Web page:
I SEE the old legal aid chestnut was gamed this week.
The use of the chestnut is to make people unsympathetic to the spending of public money on lawyers or categories of applicants for legal aid. The argument about costs usually begins with a splash figure of X number of millions of pounds, and then ties a chunk of that sum to one law firm or another, or one case or another. The argument casts defence lawyers or criminal justice lawyers, and definitely human rights lawyers, as money-grabbers, and casts defendants or judicial review applicants, and definitely bereaved families, as vexatious and altogether bad craic.
That game sometimes works because it only tells one story and that story is only told through one lens. The resulting manipulated lack of sympathy gives cover to reducing or removing legal aid from categories of individuals who face the justice system, always to the benefit of the status quo.
Of course, the people who are making those arguments are also the people completely happy to pay the state’s army of barristers, advisers, lawyers and researchers. Rarely pointed out are payments for not only the Public Prosecution Service (which is pretty poorly-funded), but also the handsomely salaried legal teams and the huge firms of favour who defend the state from allegations of wrongdoing. Millions upon millions come from the very same purse which pays out legal aid to the ordinary citizen – the purse of all of our taxes. But that is a too inconvenient truth when the far right want to scream about “millionaire lawyers” or “vexatious” and “pernicious” families. But truth it is.
An attack on the legal aid system, whether it is by propaganda or by under-funding, is a backdoor attack on all of our rights. Legal aid, if working properly, should defend the abandoned, the harmed and the innocent. It should be the defending line between dictatorship and democracy, between an arrogant state and the defenceless individual. It is our mudguard against misrule. This Conservative Party know this, which is why they attack it so vehemently.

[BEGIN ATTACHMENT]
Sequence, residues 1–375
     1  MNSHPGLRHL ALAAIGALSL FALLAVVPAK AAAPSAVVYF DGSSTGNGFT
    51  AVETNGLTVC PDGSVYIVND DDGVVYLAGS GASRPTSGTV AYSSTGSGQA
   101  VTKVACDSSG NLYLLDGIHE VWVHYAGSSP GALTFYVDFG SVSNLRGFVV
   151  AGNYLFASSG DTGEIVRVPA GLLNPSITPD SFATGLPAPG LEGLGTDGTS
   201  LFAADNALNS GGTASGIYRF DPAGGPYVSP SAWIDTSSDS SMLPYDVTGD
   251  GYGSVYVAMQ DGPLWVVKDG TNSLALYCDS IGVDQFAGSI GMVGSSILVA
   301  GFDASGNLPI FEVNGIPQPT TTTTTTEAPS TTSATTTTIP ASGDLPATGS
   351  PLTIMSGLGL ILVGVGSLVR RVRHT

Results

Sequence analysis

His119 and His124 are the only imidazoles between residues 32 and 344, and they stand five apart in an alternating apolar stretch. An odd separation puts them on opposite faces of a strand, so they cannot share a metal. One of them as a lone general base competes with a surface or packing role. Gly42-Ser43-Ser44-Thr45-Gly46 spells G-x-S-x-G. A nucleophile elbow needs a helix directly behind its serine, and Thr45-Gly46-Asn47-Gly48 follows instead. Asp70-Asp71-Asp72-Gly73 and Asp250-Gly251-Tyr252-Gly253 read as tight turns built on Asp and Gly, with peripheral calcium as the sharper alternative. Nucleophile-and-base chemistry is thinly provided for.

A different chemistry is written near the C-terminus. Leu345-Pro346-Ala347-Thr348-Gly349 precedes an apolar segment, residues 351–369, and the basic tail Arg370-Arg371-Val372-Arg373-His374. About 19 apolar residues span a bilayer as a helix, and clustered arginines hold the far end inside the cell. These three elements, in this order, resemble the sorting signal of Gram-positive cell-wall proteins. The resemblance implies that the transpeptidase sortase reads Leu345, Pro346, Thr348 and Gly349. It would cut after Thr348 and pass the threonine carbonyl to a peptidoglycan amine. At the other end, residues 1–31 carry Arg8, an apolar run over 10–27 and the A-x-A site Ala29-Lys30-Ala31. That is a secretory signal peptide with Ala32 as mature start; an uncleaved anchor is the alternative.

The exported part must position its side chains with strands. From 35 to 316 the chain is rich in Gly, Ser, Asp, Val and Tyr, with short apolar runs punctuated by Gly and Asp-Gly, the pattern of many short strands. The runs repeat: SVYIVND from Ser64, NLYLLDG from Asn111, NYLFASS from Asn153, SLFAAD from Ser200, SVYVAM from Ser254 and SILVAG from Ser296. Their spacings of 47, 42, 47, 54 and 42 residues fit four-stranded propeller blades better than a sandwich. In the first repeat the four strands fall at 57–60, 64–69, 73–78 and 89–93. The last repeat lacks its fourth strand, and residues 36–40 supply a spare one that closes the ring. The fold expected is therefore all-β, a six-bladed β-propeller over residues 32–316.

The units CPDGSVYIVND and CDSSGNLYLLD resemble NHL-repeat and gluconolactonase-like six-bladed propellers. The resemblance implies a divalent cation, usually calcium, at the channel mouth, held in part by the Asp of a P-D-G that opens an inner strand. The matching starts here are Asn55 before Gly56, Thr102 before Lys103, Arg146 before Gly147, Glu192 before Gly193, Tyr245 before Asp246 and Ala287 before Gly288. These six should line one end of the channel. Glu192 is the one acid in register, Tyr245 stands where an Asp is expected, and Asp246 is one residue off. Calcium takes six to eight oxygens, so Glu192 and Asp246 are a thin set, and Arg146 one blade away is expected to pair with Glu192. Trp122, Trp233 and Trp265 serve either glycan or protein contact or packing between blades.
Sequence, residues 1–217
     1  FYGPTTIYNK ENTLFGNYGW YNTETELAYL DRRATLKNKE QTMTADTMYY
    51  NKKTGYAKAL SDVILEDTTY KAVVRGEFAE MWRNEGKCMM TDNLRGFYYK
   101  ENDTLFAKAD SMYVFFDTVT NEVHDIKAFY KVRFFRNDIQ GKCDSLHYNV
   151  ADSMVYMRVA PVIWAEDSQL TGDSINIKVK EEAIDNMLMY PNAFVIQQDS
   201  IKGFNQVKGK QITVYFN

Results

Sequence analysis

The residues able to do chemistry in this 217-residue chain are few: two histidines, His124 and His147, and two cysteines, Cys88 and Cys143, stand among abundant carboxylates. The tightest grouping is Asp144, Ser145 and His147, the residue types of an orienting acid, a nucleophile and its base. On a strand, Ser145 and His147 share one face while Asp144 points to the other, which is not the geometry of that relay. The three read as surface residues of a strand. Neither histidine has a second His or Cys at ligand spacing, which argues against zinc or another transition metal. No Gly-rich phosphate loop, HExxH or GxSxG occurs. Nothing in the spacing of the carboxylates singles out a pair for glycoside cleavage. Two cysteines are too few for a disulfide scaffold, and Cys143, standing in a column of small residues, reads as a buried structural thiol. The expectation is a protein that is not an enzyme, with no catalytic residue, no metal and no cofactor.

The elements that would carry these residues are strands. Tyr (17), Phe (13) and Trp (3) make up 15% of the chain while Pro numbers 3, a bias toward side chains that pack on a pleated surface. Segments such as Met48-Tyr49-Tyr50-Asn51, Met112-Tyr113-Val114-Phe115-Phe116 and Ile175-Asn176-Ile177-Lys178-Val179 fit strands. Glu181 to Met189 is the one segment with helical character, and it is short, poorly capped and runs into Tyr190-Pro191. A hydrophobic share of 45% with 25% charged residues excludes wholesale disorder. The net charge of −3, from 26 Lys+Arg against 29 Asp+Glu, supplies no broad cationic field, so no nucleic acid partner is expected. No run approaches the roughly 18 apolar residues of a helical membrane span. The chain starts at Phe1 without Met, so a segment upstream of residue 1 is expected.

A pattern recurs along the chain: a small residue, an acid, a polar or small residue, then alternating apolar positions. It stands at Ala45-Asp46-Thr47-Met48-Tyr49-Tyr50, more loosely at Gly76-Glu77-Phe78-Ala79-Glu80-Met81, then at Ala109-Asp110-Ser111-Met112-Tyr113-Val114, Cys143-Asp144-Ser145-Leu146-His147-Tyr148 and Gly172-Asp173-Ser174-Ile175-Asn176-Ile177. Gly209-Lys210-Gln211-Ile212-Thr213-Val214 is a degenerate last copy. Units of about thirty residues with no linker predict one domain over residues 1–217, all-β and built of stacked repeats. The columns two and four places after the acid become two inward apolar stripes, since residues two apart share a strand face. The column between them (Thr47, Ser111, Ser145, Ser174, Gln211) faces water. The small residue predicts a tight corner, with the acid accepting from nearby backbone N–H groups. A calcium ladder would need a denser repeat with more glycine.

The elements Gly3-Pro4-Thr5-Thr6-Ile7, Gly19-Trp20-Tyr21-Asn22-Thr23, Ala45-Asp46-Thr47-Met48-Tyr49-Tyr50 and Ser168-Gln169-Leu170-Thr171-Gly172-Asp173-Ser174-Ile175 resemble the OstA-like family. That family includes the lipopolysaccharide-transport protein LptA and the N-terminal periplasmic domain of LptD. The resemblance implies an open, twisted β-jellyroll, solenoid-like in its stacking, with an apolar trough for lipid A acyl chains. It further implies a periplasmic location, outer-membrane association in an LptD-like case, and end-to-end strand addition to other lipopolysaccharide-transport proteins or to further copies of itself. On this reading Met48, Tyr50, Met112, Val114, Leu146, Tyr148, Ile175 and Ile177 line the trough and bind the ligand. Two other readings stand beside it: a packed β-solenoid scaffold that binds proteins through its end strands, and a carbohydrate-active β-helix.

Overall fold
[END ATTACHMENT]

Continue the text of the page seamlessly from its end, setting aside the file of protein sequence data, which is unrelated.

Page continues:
This week the incessantly tedious Secretary of State Brandon Lewis issued a statement about the cost of legacy legal aid, putting it at £500 million, a conveniently round figure. With no detail or breakdown, it was of course immediately challenged as completely wrong by lawyers and Relatives for Justice. And so, in perhaps a metaphor for Mr Lewis himself, by week’s end, rather than being a torpedo in favour of the British government’s losing argument for introducing its amnesty legislation, it became a damp squib.
They won’t care, though. They will continually use fictitious figures as a justification to themselves and others for denying bereaved families their rights to truth and justice. Tories are content with portraying legal aid as a racket, rather than the critical arm of the defence of the criminal justice system that it is.
When we read connected headlines telling us that this government will ignore court rulings and judicial reviews we know where we are. Tied to a system that prefers lawlessness and self-interest to the rule of law and democratic governance. Our devolved government must endeavour to protect our citizens, and our conflict bereaved, from this far right government’s worst excesses. But many will prefer national independence to this ignominy.